By: Lakeview Health
Addiction Destroys Genuine Intimacy
Women in recovery from drug or alcohol addiction describe their emotional struggle during recovery as empty, lonely, guilty, disconnected and numb. For the woman who is still addicted, these fearful and painful emotions are temporarily remedied by drugs and/or alcohol and, sometimes, sexual encounters. “Most of the time I felt lonely and undesirable. So I’d go out and drink, do a little cocaine and let myself go. Afterward I felt horrible about some of the stuff I did while I was partying. But it seemed better than being lonely all the time. Treatment helped me quit drinking and drugging but I still struggle with self-esteem problems, loneliness and bad relationships.” —Janice, 33
Coping With Emptiness
According to the Center for Substance Abuse Treatment in Washington D.C., women who are recovering from alcohol and/or drug addiction need to address several key issues. These include low self-esteem, shame, unhealthy relationships and sexuality. As many as half of the women who enter treatment for drug or alcohol addiction have been in destructive or abusive relationships. This gets in the way of their recovery and ability to achieve true intimacy in future relationships. Unfortunately, many women in early recovery fill the emptiness by rushing into unhealthy relationships. These relationships, like drugs, provide short-lived satisfaction. Then, they are followed by feelings of guilt and shame. Others cut themselves off emotionally and physically from others to avoid getting hurt. Both are destructive and increase the risk of relapse.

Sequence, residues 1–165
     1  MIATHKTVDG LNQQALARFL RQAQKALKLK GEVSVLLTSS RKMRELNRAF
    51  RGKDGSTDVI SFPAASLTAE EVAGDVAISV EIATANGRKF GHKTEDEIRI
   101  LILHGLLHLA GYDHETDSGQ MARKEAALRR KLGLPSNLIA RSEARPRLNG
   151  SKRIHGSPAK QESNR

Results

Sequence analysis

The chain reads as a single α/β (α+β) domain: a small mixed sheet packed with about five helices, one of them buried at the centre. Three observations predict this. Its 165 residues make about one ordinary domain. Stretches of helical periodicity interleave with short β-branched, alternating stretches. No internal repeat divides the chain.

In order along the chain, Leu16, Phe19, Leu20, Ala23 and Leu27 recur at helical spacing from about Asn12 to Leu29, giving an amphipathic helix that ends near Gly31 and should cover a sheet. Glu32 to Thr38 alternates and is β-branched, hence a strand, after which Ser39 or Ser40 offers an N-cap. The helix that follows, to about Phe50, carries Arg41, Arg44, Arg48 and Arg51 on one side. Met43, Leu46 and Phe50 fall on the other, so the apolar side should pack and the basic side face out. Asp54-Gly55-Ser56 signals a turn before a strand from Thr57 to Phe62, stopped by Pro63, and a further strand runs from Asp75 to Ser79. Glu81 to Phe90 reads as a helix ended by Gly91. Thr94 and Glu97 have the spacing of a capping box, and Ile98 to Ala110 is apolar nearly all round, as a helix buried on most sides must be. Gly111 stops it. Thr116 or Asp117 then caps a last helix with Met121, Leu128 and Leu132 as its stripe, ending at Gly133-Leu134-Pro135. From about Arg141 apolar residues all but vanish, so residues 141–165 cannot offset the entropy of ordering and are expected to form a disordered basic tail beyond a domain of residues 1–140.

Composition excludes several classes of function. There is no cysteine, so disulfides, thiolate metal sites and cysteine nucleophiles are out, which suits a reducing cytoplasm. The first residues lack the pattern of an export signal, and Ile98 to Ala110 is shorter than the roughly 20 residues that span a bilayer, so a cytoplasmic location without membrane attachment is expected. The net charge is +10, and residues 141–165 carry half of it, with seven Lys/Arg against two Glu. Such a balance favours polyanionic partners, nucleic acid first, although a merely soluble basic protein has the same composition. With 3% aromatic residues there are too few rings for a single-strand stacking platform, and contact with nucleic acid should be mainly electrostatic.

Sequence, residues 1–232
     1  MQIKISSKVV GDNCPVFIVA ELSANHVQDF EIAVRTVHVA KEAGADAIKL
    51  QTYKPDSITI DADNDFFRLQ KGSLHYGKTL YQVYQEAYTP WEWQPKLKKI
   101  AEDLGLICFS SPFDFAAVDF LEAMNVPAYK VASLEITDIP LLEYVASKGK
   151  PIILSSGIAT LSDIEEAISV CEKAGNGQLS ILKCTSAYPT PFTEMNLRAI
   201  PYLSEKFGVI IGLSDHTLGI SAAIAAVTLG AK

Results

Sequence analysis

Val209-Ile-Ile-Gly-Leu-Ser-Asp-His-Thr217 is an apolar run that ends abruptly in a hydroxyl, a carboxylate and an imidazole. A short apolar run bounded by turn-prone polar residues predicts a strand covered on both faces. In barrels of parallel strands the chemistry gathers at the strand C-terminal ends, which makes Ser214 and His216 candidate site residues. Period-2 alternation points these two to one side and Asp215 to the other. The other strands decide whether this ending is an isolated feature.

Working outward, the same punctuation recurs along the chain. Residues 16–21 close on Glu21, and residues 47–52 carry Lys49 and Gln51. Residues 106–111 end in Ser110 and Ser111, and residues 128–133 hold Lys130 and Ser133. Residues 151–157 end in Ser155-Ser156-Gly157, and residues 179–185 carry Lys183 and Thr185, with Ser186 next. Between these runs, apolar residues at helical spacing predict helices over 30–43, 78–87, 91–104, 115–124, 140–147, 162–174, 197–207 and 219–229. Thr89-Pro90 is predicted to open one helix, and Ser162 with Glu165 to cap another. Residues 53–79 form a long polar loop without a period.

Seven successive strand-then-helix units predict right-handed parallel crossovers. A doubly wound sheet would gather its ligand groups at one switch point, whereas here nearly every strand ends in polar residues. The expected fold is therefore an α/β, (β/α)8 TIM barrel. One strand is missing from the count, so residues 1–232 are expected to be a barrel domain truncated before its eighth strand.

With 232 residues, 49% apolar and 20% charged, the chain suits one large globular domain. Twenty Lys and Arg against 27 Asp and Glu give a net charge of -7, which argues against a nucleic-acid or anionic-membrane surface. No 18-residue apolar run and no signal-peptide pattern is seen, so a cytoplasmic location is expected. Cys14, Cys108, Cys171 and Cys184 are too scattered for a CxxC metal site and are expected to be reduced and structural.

Importance of Healthy Relationships
There is nothing more important in a recovering woman’s life than her significant relationships. Healthy relationships offer a rich quality and purpose to life. Here is how a recovering woman can develop healthy relationships:
1. Find healthy women for emotional support, accountability and friendship
Everyone who is recovering from addiction needs support and accountability from friends and others. For women, this inner circle of friends must be with women who are willing to:
- engage in gut-level honesty
- hold each other accountable
- commit to meeting regularly to chat, listen and simply enjoy each other’s company
2. Avoid any new romantic or sexual relationships
Romantic or sexual involvement in early recovery creates a false sense of self-worth and control for women. Like a drug, these relationships and sexual trysts feel good but are emotionally intense and short-lived. Romantic or sexual involvement reinforces the lie that a woman’s value is based upon the amount of attention or affection she receives from men. This robs the woman of the opportunity to discover her true beauty and value. Unhealthy relationships will keep her sick and shame filled. This is the opposite of the grace and forgiveness needed for personal and spiritual growth. Lastly, romance and sexual involvement lead to relapse. How long must a recovering woman avoid romantic or sexual involvement? In most cases, at least one year. And then, it should happen only with the blessing of her inner circle of supportive female friends or family.
3. Seek spiritual help
The shame, anxiety and emptiness that recovering women experience are largely spiritual problems. Twelve-step programs, such as Alcoholics Anonymous, are founded on the belief that only through a relationship with God (higher power) is healthy recovery possible. Through this relationship comes the “grace” to accept unconditional love, seek and offer forgiveness, and possess the serenity necessary to restore and create genuine intimacy in your life.
If you are stuck in a bad relationship, or still overwhelmed by shame or bitterness, talk with a your sponsor, a counselor, or clergy person. They can walk you though the process of healing, self acceptance, and forgiveness. Remember that recovery is a journey through which women can find meaning in life. Dumping drugs, alcohol and bad relationships for health, purpose, inner peace, and joy–is the best choice you can ever make.
About the author:
Dr. Drew Edwards is a nationally recognized expert in Addictive Disease and Behavioral Medicine. You can learn more about him by visiting his website.